For those of you are who have internships coming up, I encourage you to look for these qualities in your “assigned” mentors. Set up a meeting to set some formal expectations and realize this internship is just as much your experience as it is the company’s to share. (Feel free to share them this article too if you feel it’s good!)
And, of course, for those of you that are mentors, I want to congratulate you because not everyone gets the privilege of being a mentor — it means people respect you for what you know and they feel confident that they can leave someone else’s summer experience in your hands. This isn’t an assignment; this is an opportunity for you to grow.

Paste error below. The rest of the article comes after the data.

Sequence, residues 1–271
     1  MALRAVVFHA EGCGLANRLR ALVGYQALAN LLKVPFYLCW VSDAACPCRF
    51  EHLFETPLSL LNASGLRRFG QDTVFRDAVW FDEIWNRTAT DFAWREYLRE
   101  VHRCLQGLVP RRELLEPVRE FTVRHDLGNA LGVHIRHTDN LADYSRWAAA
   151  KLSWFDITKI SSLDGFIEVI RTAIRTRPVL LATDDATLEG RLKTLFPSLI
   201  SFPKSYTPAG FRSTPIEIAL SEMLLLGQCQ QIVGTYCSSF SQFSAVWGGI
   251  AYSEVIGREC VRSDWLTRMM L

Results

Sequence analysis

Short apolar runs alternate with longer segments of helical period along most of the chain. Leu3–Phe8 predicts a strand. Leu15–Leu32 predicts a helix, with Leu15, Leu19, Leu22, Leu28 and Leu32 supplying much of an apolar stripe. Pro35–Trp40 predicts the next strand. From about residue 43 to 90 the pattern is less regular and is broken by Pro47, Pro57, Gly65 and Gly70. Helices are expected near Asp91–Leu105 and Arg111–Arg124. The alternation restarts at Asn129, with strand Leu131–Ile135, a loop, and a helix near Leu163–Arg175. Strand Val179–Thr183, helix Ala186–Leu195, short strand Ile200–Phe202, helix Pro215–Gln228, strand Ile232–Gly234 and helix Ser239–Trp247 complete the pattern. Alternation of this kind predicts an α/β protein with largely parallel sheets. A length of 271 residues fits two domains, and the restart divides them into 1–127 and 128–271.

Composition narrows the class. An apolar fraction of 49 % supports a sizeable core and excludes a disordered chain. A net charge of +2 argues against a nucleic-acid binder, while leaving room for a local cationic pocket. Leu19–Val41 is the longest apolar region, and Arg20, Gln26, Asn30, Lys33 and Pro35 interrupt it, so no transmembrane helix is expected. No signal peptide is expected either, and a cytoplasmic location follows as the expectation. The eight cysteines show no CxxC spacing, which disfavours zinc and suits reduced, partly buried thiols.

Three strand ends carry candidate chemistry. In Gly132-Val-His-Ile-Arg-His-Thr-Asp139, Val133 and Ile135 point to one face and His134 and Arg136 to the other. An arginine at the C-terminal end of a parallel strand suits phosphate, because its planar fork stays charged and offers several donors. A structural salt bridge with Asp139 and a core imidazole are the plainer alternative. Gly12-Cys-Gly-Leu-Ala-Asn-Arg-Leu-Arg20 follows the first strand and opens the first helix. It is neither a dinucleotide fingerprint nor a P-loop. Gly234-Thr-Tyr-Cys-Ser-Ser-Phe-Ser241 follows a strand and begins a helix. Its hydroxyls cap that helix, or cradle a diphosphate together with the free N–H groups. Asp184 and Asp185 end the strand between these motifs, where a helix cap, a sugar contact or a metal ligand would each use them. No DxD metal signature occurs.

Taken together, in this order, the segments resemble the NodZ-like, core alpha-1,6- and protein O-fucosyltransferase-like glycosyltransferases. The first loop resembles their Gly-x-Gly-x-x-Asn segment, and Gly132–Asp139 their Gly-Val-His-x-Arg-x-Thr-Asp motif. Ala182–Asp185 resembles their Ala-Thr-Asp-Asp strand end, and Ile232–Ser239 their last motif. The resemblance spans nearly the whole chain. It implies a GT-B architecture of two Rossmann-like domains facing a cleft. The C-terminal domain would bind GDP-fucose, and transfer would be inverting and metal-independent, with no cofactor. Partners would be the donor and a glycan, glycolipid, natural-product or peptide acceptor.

I want to personally thank my mentors including Damon Cool who served as my first manager during my internship, everyone on the Frontend Happy Hour podcast including Ryan Burgess who was my first full-time manager, and, of course, the marketing and web team at Evernote who have constantly been teaching me things these past three years.
I will be honest — being a mentor is not for everyone and it can be overwhelming if you do not manage it well; however I can assure you it will be worth it because there is nothing more rewarding than seeing someone else succeed.
Did I miss anything? Feel free to leave a comment about what a good mentor should know because I don’t want this to be just an article — I want this to be a discussion.